A couple of other traditional cop-outs that we get here at The Skeptic Tank are the claims that nothing is known for certain with scientific method and that "some day" technology will prove the impossibility of things today to be possible in the future.

Both claims are wrong.

A great many natural phenomena are known certainties. It is a myth that scientific method can only derive the closest approximation of truth possible but that Truth can't be attained. Truth is obtained when there is so much evidence to back a theory that it becomes an absurdity to not accept the evidence or the phenomena explained by the evidence. The term "absurdity" is an important one to understand and looking up the contemporary usage of the term in the dictionary should go some distance toward understanding why uncertainty in science is a myth. Many things are scientific certainties backed by unavoidable truths which have been tested to exhaustion.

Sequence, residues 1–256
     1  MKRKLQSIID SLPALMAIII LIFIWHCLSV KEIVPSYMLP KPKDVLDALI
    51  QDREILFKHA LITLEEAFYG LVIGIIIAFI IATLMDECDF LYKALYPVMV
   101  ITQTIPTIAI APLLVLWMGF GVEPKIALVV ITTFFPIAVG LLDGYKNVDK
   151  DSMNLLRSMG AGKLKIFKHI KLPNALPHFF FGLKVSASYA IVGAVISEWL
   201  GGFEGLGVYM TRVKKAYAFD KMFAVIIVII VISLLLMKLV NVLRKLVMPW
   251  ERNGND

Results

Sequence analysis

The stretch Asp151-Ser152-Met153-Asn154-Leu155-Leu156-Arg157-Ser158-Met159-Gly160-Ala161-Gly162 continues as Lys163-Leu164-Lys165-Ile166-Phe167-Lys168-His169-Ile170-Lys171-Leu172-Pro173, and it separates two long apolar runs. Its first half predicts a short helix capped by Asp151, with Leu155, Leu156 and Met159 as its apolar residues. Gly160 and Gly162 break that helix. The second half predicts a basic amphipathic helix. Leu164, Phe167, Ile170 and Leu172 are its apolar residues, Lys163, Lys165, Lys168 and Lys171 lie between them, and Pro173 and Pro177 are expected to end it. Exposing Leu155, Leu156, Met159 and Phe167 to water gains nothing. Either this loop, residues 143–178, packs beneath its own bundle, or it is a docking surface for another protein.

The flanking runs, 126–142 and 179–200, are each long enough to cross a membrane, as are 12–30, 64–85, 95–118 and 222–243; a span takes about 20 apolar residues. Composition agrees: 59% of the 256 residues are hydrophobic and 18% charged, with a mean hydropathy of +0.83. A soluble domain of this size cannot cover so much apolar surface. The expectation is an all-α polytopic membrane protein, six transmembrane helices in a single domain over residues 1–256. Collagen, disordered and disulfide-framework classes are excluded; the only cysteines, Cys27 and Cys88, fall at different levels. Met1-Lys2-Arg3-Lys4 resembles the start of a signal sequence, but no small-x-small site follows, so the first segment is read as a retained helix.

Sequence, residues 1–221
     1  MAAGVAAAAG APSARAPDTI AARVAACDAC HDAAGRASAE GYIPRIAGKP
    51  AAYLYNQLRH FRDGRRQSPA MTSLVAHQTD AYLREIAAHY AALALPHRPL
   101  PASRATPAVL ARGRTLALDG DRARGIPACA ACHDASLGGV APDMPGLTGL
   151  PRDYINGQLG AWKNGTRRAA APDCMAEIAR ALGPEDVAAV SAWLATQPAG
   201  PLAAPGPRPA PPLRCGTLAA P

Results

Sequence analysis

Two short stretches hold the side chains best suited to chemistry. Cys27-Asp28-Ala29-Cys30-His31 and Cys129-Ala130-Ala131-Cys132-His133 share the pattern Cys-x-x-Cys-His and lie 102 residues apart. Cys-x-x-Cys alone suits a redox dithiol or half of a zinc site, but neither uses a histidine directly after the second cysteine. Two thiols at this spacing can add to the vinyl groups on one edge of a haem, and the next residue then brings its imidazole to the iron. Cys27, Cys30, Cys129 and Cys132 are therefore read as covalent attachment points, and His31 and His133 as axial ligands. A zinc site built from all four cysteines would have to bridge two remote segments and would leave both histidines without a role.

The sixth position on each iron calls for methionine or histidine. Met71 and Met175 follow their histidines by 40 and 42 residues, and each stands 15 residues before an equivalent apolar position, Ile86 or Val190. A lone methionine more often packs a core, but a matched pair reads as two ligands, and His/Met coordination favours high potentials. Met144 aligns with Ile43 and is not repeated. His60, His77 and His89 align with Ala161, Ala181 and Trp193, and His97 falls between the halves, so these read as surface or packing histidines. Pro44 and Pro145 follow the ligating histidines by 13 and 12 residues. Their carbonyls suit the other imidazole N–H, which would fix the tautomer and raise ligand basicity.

We're not talking Quantum uncertainties, by the way... The Heisenburg Uncertainty Principle and the Copenhagen Interpretation of 1927 have nothing to do with the macro world. Schrodinger's Cat can't translate into the realm of the macro world no matter what Quantum device you can imagine to contrive. We live in a Newtonian world, not a relativistic, Einsteinian world or a Quantum one. Your triangle has three sides with 120 degree angles no matter how much you accept Quantum Weirdness.